Analysis & Opinions - Belfer Center for Science and International Affairs, Harvard Kennedy School

Takeaways from COP26 in Glasgow

Featured in the Fall 2021 Newsletter »

Following the conclusion of the COP26 climate conference in Glasgow, we asked several of our climate experts for their overall take on the conference and its outcomes:

What were the most positive actions in your view?

What needs to happen now to keep the global temperature rise low enough to avoid worsening climate catastrophes? 


Visiting Scholar, Environment and Natural Resources Program/Science, Technology, and Public Policy Program, Belfer Center; Chaired Professor of Climate Change Policy, University of Cambridge

As many have noted and expected, the Glasgow Climate Pact is a necessary but insufficient step forward. What was accomplished? COP26 created pressure for some countries to produce revised NDCs, helped catalyse new pledges to reduce emissions, led to the approval of the rules to govern international cooperation and carbon markets addressing the issue of double counting, and served as the launchpad for some novel initiatives that could play a useful role. Among those initiatives, I highlight one that recognizes the importance of mission-driven strategic investment and government action to lower the cost of technologies to reach carbon neutrality, which would incentivize adoption globally. Known as the Glasgow Breakthroughs, it involves more than 40 world leaders and it lays out five key areas for action. (See this relevant report launched at COP26 to which I contributed.)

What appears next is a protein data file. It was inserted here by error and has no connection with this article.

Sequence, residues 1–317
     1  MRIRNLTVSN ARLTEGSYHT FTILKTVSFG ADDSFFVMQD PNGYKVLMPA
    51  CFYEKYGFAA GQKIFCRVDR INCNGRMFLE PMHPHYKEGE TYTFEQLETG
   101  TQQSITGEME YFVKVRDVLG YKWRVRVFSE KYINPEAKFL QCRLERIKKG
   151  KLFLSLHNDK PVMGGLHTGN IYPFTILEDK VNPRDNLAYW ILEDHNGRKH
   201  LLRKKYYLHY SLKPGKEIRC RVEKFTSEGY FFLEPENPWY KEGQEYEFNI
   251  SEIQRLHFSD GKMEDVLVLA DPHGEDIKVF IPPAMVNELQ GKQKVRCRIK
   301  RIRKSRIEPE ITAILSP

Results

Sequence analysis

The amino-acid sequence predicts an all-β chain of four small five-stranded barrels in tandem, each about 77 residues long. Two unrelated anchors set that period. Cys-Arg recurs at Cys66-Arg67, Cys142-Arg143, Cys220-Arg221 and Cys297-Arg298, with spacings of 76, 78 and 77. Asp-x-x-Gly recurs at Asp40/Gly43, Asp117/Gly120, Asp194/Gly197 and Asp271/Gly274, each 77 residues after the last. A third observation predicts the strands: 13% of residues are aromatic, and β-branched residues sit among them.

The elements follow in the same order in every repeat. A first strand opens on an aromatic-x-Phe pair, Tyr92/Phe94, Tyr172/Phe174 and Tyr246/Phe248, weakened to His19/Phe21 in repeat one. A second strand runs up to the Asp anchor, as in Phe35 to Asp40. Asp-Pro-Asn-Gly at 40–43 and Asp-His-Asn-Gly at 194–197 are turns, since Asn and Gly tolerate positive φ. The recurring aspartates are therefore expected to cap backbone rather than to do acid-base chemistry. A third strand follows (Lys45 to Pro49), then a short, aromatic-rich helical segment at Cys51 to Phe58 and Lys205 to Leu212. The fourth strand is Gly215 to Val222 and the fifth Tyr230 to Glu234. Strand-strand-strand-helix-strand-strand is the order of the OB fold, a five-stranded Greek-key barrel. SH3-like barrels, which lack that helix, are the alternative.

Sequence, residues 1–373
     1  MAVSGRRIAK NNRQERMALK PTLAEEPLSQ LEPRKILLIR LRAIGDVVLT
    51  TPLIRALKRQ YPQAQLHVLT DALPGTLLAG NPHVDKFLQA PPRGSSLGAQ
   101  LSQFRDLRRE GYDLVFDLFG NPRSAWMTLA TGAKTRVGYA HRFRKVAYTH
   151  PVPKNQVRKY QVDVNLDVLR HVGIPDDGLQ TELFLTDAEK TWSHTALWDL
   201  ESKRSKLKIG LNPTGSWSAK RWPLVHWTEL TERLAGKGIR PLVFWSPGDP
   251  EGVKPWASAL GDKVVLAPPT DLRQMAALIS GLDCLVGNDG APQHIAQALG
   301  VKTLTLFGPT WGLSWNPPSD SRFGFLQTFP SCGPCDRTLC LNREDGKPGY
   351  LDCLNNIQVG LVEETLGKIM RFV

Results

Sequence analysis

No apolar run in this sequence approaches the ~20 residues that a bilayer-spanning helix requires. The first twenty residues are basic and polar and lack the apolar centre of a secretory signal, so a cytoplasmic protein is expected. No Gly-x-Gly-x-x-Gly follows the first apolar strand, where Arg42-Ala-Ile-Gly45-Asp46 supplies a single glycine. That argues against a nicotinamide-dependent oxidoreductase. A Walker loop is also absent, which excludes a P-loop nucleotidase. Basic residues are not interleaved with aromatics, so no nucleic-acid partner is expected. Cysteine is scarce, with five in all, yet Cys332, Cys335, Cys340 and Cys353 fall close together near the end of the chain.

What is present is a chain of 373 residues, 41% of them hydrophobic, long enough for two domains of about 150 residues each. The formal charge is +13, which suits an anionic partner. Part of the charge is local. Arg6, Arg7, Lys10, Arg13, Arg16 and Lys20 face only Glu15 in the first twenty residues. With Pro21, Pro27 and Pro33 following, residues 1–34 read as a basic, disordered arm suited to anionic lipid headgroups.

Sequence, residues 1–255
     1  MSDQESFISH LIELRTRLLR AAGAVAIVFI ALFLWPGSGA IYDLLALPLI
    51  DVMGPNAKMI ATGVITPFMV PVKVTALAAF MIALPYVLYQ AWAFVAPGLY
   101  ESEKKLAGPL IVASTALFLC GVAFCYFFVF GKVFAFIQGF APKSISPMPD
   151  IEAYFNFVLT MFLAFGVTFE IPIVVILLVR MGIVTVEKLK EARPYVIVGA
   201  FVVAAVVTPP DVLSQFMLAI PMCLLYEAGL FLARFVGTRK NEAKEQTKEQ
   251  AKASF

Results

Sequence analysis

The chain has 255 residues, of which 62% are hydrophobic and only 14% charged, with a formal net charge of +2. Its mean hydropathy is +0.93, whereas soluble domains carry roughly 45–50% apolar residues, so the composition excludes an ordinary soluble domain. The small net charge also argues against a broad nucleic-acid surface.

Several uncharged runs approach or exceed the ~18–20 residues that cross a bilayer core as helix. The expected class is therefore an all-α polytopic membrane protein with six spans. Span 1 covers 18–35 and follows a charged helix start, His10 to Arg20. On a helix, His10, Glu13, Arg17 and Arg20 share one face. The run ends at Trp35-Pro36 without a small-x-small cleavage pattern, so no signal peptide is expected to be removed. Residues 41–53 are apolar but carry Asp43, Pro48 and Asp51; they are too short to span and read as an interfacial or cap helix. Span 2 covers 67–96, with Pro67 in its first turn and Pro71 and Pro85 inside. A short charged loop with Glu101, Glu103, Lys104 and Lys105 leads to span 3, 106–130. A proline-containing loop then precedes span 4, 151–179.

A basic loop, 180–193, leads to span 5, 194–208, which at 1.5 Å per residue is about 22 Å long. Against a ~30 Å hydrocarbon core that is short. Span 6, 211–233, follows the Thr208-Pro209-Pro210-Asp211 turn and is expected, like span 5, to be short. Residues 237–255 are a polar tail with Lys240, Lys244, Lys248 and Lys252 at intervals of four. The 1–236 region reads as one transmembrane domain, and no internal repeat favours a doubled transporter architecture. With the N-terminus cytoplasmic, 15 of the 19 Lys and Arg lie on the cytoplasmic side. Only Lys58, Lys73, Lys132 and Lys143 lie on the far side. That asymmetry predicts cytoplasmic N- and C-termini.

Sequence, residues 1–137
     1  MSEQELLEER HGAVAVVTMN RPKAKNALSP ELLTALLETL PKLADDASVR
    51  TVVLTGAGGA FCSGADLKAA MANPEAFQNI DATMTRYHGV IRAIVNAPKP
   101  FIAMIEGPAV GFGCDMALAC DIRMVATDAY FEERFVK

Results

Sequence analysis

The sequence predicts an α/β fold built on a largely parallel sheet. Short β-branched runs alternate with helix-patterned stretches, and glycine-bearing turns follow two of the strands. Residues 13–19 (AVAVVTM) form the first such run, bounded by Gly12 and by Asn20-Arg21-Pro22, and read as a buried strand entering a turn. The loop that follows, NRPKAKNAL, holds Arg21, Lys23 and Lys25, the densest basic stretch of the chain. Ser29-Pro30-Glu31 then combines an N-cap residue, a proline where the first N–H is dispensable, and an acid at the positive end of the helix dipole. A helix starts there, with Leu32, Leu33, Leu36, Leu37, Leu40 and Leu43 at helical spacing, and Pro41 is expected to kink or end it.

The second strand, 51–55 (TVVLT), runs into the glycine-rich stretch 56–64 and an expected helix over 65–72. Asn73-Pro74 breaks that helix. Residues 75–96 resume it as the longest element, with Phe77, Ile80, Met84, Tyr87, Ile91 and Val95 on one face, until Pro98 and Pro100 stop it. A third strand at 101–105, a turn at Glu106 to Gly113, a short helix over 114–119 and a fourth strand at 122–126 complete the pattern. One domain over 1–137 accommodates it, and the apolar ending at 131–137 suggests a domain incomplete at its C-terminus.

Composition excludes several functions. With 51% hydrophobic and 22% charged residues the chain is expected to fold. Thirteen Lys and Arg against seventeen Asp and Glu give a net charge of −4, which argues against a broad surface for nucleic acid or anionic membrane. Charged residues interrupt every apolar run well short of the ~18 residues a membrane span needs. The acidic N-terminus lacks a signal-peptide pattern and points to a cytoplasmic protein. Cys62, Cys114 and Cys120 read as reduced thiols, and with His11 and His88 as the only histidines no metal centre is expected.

But there is still a long way to go and time is of the essence. The lack of immediate significant progress in climate finance from developed country governments was a major missed opportunity that really hurt trust and credibility. Industrialized countries pledged in 2009 to deliver $100 billion in climate finance by 2020 and this has not yet been delivered. This pledge should not just be met as quickly as possible, but governments should go beyond the $100 billion.  There is also insufficient short term action and transparency from governments and financial institutions regarding how they will meet stated goals.

Note: This is an excerpt; read Laura Diaz Anadons complete statement here.


Research Professor and Teresa and John Heinz Professor of Environmental Policy, Emeritus

COPs always provide good news and bad news.  So much commentary has focused on the bad from Glasgow that I will focus here on the good.  The methane and forestry agreements, while incomplete, are still worth celebrating. So is the U.S.-China agreement to keep working together on climate change despite the other tensions in the relationship.  That India, Russia, and Saudi Arabia felt enough pressure to announce net-zero targets (albeit hedged ones) is also good news. The gap in financing for countries in need, particularly for adaptation, was not fixed but got a new level of badly needed attention. And U.S. Climate Envoy John Kerry was a peripatetic presence, establishing convincingly that the United States is back.